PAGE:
It's different for different parts of the business of course, but the graphic designers I know personally (through a family member) don't care about monitor gamut or colour fidelity at all. Sounds odd, perhaps, but there's good reason for it.
Most graphic design is not for the web, but for physical objects. Anything you see around you that's printed or patterned - kitchen utensils, tools, and household objets; clothes and textile prints; books, calendars, pamphlets; not to mention the cardboard and plastic boxes it all came in - has been designed by a graphic designer. And it's all printed using different kind of processes, on different materials, with different kinds of inks and dyes.
A monitor, any monitor, simply can't show you what the finished design will look like, since it can't replicate the effect of the particular ink and material combination you're going to use. So they don't even try. Instead they do the design on the computer, but choose the precise colour and material combination by Pantone patches. We've got shelves of sample binders at home, with all kinds of colour and material combinations for reference. As an added bonus you can take samples into different light conditions and see what they look like there.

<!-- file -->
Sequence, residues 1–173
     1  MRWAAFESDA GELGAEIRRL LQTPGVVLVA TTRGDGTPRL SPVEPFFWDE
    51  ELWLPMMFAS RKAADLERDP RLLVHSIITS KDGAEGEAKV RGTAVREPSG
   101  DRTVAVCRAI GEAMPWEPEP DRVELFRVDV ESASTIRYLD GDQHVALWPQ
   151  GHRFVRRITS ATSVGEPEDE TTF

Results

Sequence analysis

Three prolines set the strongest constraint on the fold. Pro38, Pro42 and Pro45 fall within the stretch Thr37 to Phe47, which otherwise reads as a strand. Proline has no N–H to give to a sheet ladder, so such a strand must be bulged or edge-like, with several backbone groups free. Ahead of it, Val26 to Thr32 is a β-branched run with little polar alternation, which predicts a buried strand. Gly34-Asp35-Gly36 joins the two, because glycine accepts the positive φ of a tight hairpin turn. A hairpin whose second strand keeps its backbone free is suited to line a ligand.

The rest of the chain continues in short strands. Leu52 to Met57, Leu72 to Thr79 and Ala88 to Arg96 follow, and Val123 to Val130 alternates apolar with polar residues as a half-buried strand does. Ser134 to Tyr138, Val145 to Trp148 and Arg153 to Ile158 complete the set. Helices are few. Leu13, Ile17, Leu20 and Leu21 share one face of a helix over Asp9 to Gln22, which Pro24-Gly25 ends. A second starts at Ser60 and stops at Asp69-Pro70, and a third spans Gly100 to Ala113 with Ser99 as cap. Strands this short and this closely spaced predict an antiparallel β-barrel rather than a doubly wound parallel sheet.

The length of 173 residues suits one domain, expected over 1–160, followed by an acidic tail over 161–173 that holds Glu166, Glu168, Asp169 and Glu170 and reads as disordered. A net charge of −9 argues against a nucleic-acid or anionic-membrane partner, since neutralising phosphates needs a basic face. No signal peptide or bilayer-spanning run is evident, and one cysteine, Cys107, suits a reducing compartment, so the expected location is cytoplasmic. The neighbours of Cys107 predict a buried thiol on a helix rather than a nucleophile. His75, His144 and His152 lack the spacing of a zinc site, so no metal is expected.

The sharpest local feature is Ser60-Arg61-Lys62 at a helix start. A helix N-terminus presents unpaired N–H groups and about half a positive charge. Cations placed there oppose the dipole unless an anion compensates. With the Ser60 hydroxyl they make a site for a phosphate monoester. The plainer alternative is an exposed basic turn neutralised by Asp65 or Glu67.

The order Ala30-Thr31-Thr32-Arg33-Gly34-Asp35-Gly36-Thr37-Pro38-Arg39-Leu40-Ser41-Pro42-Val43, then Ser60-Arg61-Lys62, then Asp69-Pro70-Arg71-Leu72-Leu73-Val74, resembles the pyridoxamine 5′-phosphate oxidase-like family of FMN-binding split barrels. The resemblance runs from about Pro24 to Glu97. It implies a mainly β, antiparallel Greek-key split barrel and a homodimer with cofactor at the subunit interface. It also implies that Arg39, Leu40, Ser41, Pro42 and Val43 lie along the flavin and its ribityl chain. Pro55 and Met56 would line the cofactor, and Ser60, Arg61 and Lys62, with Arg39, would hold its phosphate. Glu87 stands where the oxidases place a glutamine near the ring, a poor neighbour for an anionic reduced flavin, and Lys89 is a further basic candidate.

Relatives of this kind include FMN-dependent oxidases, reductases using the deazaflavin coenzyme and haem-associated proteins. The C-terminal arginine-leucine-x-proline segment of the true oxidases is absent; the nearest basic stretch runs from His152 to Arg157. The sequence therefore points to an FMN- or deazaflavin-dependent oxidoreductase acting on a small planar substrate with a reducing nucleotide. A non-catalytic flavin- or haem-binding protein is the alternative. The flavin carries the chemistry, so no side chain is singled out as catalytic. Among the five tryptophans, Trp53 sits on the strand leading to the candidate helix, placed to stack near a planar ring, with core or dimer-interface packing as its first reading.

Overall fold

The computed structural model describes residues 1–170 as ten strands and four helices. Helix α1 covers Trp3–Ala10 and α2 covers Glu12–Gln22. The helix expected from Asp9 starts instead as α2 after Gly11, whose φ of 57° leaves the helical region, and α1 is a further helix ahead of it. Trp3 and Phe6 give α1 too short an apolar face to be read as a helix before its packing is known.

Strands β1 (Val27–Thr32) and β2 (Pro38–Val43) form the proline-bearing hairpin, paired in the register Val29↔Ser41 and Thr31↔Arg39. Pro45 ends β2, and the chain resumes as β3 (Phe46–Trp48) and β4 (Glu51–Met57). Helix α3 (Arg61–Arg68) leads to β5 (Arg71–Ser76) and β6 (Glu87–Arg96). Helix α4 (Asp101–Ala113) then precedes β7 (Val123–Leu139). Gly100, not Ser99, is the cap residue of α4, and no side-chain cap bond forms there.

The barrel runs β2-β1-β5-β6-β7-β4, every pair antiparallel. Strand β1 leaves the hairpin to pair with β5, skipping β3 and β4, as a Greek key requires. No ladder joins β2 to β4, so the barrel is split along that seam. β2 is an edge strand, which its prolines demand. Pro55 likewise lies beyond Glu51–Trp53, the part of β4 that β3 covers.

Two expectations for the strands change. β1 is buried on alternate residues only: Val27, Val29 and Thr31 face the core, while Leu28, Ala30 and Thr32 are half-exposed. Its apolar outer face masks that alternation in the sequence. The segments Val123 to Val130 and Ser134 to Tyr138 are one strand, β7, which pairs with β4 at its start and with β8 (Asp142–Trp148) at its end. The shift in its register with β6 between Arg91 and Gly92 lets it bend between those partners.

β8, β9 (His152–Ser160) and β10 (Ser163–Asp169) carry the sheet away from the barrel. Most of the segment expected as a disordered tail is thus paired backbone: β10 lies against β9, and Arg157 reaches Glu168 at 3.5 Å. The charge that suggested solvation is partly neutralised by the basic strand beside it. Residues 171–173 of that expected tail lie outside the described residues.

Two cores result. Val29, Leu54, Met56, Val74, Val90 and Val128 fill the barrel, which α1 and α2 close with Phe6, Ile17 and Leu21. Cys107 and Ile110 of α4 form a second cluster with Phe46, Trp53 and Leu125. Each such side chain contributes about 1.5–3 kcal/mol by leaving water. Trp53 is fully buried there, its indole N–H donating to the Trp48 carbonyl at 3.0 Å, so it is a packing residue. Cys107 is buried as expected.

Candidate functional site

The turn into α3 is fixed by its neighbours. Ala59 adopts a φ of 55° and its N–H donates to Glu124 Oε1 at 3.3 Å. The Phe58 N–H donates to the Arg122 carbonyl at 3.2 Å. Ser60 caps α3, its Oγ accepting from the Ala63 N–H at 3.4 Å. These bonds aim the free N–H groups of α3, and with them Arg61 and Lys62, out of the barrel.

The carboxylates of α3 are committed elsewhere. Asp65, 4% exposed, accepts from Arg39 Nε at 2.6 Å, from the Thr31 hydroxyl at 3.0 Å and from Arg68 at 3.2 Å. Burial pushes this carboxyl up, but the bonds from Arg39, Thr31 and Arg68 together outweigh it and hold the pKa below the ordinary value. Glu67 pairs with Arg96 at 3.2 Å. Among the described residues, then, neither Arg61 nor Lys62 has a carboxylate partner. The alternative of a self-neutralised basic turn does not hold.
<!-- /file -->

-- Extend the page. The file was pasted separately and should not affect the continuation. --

The finished design is usually sent off as a set of monochrome layers, with an accompanying specification on what Pantone colour each layer should use. They do make a colour version of it too, but that's just to give the client a rough idea of what the design will look like.